Climate change has led to hotter seas across the world: in 2018 European water temperatures reached record levels, and a marine heatwave in the north-east Pacific devastated marine life.
Less predictably, global heating has made the oceans more stable, with discrete, stratified layers that resist mixing. And that could be very bad news, because it could make the blue water that covers 70 per cent of the planet less effective at absorbing atmospheric heat and thus mitigating climate change.
And ever-warmer sea temperatures could have another unwelcome impact: as temperatures rise, levels of dissolved oxygen fall. And that could make it difficult for some sea creatures to breathe.
The oceans play a vital role in the water, energy and carbon cycles upon which all life depends. In 2010, demographers counted 1.9 billion people living within 100kms of the sea and less than 100 metres above sea level: that is 28 per cent of all humanity. Many of them are crowded into 17 megacities with populations of more than 5 million people each. For many, the sea is the neighbourhood.
European researchers warn, in a new and detailed report on the state of the oceans from 1993 to 2010, that the rise in sea temperatures in the Mediterranean is without precedent, and the largest rise of all has been measured in the Arctic Ocean.
They also call as a matter of urgency for comprehensive and systematic monitoring of the ocean. “Human society has always been dependent on the seas,” they warn. “Failure to reach good environmental status for our seas and oceans is not an option.”
Chinese and US scientists report in the journal Nature Climate Change that − beyond reports of stronger winds and waves and ever more intense tropical cyclones − the rise in atmospheric temperatures has fundamentally altered oceanic temperatures and salinity, with a paradoxical effect: the seas have become more stable. Warm and therefore less dense surface water lies upon colder, more saline and denser waters at depth, to limit overall mixing.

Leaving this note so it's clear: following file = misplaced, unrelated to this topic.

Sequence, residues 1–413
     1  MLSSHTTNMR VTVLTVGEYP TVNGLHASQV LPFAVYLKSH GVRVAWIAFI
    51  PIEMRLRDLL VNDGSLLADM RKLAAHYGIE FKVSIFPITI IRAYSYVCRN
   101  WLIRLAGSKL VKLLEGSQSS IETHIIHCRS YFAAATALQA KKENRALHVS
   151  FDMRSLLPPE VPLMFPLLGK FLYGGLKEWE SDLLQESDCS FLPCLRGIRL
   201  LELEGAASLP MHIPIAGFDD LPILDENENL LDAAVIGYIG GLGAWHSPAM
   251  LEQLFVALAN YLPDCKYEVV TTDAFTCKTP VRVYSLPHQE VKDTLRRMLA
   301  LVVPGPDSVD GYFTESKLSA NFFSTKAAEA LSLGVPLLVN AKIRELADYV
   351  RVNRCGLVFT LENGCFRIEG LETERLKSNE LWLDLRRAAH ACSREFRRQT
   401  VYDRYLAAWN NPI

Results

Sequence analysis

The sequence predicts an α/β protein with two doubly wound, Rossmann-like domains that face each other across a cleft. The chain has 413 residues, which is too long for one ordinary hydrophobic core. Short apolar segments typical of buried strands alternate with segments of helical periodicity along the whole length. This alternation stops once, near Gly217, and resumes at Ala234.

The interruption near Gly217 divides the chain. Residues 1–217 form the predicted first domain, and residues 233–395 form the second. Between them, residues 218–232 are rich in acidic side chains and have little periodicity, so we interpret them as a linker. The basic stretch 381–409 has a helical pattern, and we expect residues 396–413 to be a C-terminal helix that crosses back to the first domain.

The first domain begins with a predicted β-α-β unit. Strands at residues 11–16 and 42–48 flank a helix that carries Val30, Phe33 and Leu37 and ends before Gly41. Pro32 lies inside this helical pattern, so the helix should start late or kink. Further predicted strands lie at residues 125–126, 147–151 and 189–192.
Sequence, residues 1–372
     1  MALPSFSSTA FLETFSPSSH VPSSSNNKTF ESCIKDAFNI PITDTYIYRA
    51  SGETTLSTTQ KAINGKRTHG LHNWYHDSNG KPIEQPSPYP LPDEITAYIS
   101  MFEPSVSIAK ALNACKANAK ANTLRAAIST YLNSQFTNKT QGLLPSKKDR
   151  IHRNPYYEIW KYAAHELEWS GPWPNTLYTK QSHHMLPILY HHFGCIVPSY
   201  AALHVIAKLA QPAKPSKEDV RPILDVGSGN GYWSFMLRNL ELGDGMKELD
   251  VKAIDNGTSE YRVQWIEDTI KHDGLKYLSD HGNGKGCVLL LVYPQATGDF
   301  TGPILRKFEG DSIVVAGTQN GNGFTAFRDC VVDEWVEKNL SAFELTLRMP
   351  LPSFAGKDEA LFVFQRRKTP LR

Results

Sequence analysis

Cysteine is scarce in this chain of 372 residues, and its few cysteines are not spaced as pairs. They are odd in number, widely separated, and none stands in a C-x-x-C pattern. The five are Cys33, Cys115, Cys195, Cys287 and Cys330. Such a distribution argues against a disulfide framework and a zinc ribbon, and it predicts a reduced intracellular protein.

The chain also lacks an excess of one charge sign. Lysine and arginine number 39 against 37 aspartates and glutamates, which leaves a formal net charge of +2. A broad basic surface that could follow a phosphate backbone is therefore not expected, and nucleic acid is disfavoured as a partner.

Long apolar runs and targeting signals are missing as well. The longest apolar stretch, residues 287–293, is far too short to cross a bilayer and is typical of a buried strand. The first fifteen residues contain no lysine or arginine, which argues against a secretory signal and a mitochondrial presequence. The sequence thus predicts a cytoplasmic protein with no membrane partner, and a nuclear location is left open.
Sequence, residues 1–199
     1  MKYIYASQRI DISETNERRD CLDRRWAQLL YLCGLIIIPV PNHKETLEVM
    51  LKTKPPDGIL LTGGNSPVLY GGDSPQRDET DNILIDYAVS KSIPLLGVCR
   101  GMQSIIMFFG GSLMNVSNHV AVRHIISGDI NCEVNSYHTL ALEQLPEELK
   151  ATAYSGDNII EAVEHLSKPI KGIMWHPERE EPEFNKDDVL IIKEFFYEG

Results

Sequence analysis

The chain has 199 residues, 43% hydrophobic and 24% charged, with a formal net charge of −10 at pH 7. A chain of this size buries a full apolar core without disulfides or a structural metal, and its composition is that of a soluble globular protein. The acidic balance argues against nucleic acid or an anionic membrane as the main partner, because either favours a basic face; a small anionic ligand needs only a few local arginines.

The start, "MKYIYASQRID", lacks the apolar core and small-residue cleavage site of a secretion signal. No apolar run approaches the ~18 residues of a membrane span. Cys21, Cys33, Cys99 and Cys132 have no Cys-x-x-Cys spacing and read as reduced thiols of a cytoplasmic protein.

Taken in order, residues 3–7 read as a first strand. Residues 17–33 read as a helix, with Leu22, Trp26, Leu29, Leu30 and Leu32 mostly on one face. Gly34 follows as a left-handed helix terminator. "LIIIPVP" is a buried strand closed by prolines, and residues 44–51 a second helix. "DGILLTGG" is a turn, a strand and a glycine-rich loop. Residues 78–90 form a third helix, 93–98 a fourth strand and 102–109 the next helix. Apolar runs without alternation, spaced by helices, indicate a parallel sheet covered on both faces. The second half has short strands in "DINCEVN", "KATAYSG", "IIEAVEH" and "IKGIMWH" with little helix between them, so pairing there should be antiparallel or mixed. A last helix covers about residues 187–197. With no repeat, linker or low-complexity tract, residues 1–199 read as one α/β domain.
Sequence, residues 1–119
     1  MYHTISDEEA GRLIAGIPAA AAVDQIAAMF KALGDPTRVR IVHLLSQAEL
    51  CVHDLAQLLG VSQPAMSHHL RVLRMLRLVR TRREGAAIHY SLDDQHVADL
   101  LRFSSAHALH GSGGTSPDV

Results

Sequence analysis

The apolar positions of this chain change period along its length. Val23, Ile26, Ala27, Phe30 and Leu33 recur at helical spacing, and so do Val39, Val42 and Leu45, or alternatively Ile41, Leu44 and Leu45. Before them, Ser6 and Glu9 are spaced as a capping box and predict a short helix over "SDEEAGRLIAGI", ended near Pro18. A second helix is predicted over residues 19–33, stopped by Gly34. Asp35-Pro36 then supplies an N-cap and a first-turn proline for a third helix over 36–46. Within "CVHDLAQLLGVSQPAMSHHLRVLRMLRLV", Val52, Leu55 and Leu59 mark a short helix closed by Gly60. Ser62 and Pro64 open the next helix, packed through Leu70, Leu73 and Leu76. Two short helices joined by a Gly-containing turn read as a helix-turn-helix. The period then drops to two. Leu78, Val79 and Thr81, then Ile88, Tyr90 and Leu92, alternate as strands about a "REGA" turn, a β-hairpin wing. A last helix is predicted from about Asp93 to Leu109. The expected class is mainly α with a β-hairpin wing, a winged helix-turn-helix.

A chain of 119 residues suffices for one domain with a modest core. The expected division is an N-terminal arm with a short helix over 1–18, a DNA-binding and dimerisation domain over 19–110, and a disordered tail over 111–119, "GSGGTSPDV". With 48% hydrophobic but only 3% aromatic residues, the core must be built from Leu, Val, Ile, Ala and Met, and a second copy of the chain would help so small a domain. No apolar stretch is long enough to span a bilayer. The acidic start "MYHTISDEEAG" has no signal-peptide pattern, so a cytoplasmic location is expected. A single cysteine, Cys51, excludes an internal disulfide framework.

Since 1960, the upper 2000 metres of the oceans have become 5 per cent more stratified, and the top 150 metres 18 per cent more stratified.
“The same process, global warming, is both making the atmosphere less stable and the oceans more stable. Water near the ocean’s surface is warming faster than the water below. That makes the oceans become more stable,” said Michael Mann of Penn State University in Pennsylvania, one of the team.
“The ability of the oceans to bury heat from the atmosphere and mitigate global warming is made more difficult when the ocean becomes more stratified and there is less mixing. Less downward mixing of warming waters means the ocean surface warms even faster, leading, for example, to more powerful hurricanes. Global climate models underestimate these trends.”
Struggle for survival
Warmer temperatures don’t just make the oceans more stable, they may make living conditions more uncomfortable or even impossible for some of the sea’s citizenry.
US researchers report in the journal Nature that they looked at the physiological challenge of oxygen and energy demands faced by 145 marine species − including shrimps, catsharks and sea squirts − to find that many are already under pressure.
“Organisms today are living right up to the warmest temperatures possible that will supply them with adequate oxygen for their activity level – so higher temperatures are immediately going to affect their ability to get enough oxygen,” said Curtis Deutsch of the University of Washington.
“In response to warming, their activity level is going to be restricted or their habitat is going to start shrinking. It’s not like they are going to be fine and carry on.”
This story was published with permission from Climate News Network.
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